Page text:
Research Article  Open Access
Abdelkader Mokkadem, Mariane Pelletier, Baba Thiam, "Joint Behaviour of Semirecursive Kernel Estimators of the Location and of the Size of the Mode of a Probability Density Function", Journal of Probability and Statistics, vol. 2011, Article ID 564297, 27 pages, 2011. https://doi.org/10.1155/2011/564297
Joint Behaviour of Semirecursive Kernel Estimators of the Location and of the Size of the Mode of a Probability Density Function
Abstract
Let and denote the location and the size of the mode of a probability density. We study the joint convergence rates of semirecursive kernel estimators of and . We show how the estimation of the size of the mode allows measuring the relevance of the estimation of its location. We also enlighten that, beyond their computational advantage on nonrecursive estimators, the semirecursive estimators are preferable to use for the construction of confidence regions.
1. Introduction
Let be independent and identically distributed valued random variables with unknown probability density . The aim of this paper is to study the joint kernel estimation of the location and of the size of the mode of . The mode is assumed to be unique, that is, for any , and nondegenerated, that is, the second order differential at the point is nonsingular (in the sequel, will denote the differential of order of a multivariate function ).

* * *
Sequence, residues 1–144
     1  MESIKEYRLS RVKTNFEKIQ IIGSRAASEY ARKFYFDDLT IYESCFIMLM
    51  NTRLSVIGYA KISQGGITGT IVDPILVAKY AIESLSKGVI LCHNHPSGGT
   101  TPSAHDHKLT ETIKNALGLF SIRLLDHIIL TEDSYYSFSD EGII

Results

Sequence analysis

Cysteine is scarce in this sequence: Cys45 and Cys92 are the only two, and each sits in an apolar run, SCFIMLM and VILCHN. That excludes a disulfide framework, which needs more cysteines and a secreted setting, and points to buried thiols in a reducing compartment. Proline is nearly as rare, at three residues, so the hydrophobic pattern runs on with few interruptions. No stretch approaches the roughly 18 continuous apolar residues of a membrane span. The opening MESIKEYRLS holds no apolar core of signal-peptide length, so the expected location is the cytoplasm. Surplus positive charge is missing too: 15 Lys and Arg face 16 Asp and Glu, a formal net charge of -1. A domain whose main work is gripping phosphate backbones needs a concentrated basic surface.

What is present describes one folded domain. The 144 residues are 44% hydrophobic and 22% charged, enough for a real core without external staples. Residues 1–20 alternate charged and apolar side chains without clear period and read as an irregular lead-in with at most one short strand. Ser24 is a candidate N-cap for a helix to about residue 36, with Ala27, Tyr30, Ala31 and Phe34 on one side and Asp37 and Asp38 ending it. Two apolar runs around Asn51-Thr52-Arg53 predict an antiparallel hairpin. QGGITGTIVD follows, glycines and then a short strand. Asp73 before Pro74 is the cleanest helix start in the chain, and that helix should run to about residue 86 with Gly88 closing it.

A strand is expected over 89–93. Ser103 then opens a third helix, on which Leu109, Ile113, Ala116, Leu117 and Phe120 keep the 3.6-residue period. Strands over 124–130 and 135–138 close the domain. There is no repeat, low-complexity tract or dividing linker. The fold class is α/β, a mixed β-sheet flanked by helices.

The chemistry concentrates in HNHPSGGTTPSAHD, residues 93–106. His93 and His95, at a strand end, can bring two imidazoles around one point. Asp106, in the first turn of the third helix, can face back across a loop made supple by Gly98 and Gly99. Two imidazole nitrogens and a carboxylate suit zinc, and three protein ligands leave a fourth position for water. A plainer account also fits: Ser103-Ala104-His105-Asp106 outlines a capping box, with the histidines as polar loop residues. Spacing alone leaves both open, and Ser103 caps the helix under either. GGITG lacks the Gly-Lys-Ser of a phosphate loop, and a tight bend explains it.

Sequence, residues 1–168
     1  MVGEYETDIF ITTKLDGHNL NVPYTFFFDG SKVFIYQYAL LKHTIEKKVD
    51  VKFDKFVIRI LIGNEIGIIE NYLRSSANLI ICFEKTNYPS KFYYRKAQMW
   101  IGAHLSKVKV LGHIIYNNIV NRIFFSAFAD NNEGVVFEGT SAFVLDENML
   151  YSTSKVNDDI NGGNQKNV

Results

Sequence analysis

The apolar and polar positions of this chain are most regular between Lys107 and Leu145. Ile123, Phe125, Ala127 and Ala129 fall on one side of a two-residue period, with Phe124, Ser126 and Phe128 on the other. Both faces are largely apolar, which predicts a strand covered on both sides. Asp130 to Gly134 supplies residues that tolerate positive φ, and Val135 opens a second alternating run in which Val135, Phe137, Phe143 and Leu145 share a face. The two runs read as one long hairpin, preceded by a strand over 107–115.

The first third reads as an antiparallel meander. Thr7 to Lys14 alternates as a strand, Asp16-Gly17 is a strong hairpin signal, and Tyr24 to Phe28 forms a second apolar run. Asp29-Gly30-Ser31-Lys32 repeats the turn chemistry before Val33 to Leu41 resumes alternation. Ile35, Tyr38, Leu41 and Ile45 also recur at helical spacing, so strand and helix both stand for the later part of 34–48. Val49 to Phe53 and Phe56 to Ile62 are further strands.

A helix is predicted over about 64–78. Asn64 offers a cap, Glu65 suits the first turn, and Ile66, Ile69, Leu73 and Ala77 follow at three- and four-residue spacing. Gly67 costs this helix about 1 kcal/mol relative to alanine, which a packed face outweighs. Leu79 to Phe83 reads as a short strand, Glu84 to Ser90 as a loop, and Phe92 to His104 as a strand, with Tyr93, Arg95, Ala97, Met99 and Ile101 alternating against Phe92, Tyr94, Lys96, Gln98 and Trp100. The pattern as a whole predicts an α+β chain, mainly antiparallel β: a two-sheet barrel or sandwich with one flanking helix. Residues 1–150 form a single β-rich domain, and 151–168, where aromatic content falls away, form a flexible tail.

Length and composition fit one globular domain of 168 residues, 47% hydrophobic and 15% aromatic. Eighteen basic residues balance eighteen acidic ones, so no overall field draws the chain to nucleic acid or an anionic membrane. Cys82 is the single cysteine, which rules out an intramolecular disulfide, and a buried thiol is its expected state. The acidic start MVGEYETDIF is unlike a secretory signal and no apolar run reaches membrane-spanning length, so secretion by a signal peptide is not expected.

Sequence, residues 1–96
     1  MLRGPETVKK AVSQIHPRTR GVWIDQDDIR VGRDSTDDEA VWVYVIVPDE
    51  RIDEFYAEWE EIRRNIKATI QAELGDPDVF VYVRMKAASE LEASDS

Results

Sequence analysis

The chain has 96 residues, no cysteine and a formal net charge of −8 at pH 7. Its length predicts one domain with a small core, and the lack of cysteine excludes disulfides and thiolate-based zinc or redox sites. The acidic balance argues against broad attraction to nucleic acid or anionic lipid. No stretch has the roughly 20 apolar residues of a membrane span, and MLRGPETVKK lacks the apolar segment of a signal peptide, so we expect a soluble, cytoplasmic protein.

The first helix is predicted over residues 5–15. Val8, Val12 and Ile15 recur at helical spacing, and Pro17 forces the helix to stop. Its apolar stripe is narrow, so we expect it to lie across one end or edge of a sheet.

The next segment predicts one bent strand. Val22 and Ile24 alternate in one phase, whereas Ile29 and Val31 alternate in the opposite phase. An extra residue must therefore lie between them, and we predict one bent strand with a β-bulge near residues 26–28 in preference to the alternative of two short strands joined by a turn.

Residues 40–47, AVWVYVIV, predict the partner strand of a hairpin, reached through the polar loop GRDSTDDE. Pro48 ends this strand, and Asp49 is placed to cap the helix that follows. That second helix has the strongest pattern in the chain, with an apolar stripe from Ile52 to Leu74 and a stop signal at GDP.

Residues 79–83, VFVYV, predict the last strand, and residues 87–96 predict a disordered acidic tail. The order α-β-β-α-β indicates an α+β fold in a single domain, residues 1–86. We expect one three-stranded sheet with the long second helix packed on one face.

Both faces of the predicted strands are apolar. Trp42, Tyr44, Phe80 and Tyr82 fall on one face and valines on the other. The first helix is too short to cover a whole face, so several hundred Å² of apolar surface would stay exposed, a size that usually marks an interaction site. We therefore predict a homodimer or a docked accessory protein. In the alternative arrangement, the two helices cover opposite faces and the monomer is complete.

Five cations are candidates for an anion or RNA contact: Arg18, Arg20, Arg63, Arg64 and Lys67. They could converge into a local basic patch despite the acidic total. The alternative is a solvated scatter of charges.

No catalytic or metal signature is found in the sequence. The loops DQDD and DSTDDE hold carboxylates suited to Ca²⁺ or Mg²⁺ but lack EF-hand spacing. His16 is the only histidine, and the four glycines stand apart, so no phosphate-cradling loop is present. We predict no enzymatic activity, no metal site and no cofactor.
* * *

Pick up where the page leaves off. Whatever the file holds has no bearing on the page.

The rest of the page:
The problem of estimating the location of the mode of a probability density was widely studied. Kernel methods were considered, among many others, by Parzen [1], Nadaraya [2], Van Ryzin [3], Rüschendorf [4], Konakov [5], Samanta [6], Eddy ([7, 8]), Romano [9], Tsybakov [10], Vieu [11], Mokkadem and Pelletier [12], and Abraham et al. ([13, 14]). The problem of estimating the size of the mode was brought up by several authors (see, e.g., Romano [9] and Vieu [11]), but, at our knowledge, the behaviour of estimators of the size of the mode has not been investigated in detail, whereas there are at least two statistical motivations for estimating this parameter. First, the use of an estimator of the size is necessary for the construction of confidence regions for the location of the mode (see, e.g., Romano [9]). As a more important motivation, the estimation of the high of the peak gives information on the shape of a density in a neighbourhood of its mode and, consequently, allows measuring the pertinence of the parameter location of the mode; this motivation must be related to the remark made by Vieu [11], who pointed out that the location of the mode is more related to the shape of the derivative of , whereas the size of the mode is more related to the shape of the density itself.